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Following the afternoon concert, the Gurdjieff Folk Instruments Ensemble will play a musical evening programme at the Muziekgebouw aan ’t IJ, featuring more material by Gurdjieff and Komitas, as well as compositions by the medieval Armenian monk Grigor Narekatsi (951-1003) and the bard Ashough Jivani (1846–1909). The ensemble’s commitment to establish a new canon of Armenian music was rewarded with an Edison in 2012, making them the true successors to their illustrious ancestors who first brought Armenian music to Europe.
The Gurdjieff Folk Instruments Ensemble was founded in 2008 by the Lebanese-born Armenian musician Levon Eskenian. He formed a group of leading Armenian musicians with a view to create ethnographically authentic arrangements of the music of Gurdjieff and Komitas for authentic Armenian instruments such as the duduk (double reed instrument), the zurna (double reed folk oboe), the pku (single reed folk clarinet), the tar (long-necked lute), the saz (double-string long-necked lute), the kamancheh (vielle), the oud (lute), the quanun (box zither), the daf (frame drum with small cymbals) and the dhol (double-headed drum). Published by the prestigious German label ECM, the ensemble's debut CD Music of Georges I. Gurdjieff received numerous awards, including a Dutch Edison for best world music album.
Komitas is the founder of modern Armenian composed music. He was born in 1869 as Soghomon Soghomonian in Kütahya in what is now Turkey, then part of the Ottoman Empire. Orphaned at a young age, Komitas was taken into a seminary near Yerevan. After his ordination as a priest he took on the name Komitas. As well as spiritual matters, from a young age Komitas was also interested in music; as a boy his singing talents had already been recognised and he studied composition in Berlin. A contemporary of Bela Bartók, Komitas shared the Hungarian composer's great interest in folk music. Collecting thousands of songs, he was the first to chart traditional Armenian music. In 1910 Komitas settled in Constantinople, which was then a world city with an influential Armenian community, and soon became a pivotal figure in the local music scene. However, the Armenian genocide of 1915 had such an impact on him, that he had a complete mental breakdown and would never compose again. In 1919 he moved to a sanatorium in Paris, where he died in 1935.
George I. Gurdjieff (1866-1949) was an influential spiritual leader in the first half of the twentieth century. For years he travelled the Middle-East, Central Asia, India and North Africa, encountering a myriad of musical, dance and spiritual traditions along the way. After twenty years of travelling he moved to the West, making a name for himself with his doctrine of 'the harmonious development of man'. As well as his writings, Gurdjieff's legacy is a body of music, including a large collection of piano pieces which he dictated to one of his pupils, the Russian composer and pianist Thomas de Hartmann in the 1920's, having collaborated with him before on the music of Komitas.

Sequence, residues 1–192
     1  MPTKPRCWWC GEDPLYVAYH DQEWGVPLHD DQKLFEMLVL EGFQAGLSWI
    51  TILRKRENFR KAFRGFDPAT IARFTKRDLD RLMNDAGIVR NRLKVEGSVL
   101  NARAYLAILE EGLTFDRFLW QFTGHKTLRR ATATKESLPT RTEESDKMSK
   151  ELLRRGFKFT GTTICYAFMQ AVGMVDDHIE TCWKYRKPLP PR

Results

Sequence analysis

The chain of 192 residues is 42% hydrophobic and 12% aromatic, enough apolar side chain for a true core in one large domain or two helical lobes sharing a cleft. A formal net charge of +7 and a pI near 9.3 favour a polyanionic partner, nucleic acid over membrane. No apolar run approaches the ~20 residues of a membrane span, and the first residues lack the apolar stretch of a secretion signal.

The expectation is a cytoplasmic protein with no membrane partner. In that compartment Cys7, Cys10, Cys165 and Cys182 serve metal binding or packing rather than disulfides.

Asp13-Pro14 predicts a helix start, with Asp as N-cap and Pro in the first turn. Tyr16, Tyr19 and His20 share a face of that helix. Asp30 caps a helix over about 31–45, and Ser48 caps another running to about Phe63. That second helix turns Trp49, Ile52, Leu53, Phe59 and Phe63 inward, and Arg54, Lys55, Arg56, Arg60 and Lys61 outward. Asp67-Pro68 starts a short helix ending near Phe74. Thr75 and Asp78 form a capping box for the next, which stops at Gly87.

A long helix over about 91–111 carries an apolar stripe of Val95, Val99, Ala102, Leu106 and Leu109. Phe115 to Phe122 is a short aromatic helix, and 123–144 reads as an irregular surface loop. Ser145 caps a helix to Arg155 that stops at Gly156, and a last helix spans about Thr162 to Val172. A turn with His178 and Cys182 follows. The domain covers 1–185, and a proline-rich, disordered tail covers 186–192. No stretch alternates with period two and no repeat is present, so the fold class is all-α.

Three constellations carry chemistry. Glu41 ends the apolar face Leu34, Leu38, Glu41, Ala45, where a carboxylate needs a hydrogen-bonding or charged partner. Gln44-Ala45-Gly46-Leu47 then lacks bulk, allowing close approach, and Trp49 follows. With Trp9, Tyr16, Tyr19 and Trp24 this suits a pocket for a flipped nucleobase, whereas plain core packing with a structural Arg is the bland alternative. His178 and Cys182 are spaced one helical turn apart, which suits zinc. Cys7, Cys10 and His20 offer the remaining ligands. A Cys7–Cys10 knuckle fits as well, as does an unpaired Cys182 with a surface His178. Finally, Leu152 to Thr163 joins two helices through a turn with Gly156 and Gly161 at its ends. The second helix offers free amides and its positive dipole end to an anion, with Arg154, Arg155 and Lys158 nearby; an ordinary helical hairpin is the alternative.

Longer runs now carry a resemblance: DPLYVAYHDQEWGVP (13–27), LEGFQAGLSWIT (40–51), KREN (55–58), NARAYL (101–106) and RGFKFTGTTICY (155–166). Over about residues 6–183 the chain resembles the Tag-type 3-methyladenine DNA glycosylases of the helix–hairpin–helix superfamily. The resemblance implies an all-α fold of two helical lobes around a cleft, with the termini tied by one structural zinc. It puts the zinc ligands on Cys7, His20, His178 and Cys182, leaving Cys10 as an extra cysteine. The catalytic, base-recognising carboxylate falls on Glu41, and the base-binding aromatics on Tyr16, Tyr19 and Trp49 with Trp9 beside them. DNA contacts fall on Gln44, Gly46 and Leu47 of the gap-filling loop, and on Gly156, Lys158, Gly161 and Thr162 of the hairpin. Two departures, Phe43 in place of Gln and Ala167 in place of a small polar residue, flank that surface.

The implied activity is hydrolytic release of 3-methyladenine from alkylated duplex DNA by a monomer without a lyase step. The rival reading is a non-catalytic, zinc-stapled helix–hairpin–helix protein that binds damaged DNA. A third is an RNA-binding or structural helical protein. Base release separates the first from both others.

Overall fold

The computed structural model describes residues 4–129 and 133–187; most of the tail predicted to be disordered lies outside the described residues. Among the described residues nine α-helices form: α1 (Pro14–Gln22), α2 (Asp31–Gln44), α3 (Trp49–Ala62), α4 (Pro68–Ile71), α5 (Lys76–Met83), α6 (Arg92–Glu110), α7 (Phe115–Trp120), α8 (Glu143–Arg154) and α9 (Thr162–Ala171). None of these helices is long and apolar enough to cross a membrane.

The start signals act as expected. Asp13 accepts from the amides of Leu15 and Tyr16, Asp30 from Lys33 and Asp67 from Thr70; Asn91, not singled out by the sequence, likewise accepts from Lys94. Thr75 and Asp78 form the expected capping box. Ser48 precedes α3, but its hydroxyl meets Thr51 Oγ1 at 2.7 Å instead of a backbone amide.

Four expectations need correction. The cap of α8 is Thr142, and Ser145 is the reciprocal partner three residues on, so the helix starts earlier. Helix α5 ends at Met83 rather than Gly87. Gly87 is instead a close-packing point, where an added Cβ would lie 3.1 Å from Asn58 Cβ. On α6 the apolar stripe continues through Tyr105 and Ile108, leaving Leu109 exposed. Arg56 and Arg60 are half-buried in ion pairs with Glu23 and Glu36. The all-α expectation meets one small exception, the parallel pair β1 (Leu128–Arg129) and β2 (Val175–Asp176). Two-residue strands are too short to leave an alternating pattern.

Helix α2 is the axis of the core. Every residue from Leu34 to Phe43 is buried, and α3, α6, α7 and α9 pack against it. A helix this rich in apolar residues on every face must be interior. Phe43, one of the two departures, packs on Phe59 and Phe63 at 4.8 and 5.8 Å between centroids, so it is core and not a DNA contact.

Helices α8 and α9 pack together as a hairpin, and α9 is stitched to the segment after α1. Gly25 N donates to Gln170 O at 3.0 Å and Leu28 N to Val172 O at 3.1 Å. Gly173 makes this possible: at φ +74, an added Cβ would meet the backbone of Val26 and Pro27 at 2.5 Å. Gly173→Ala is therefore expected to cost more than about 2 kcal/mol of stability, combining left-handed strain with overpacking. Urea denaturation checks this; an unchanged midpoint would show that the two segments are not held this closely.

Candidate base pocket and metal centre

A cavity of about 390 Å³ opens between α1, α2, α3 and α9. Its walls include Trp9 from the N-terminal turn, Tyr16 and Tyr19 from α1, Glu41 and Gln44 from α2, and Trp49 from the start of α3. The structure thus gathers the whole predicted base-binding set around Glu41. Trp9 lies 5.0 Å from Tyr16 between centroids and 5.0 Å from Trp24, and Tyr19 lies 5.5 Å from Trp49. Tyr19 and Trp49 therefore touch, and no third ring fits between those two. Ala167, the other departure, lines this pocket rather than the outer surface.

In the first of two Holland Festival concerts, the Gurdjieff Folk Instruments Ensemble combines the music of Gurdjieff with the pioneering Armenian works by Komitas. This evening concert at the Muziekgebouw aan 't IJ consists of two parts. In the first part, the ensemble plays the music of Gurdjieff, a programme which they have performed before and have recorded onto their award winning CD. The second part is a new programme, in which they will play the music of Komitas.
As well as this evening concert, the Gurdjieff Folk Instruments Ensemble will also give an afternoon concert at Podium Mozaïek, featuring a special conceptual approach to the piano works of Gurdjieff and Komitas. These works will first be played in their original form on the piano by Lusine Grigoryan, followed by an ensemble version of the same work, arranged by artistic leader Levon Eskenian. In creating his arrangements, Eskenian has used instructions concerning style and genre which Komitas had written in his scores, which suggested that ensemble performances could use traditional Armenian instruments. As Komitas managed to translate typical Armenian folk music genres and instrumental sounds to the piano, without violating the original, in this concert the Gurdjieff Folk Instruments Ensemble translates the piano works back to their ethnic origins, though in a new version. The programme consists of famous Komitas pieces such as Seven Dances and Msho Shoror. Pianist Lusine Grigoryan is a renowned interpreter of Komitas' work, with extensive knowledge of his musical heritage and aesthetics.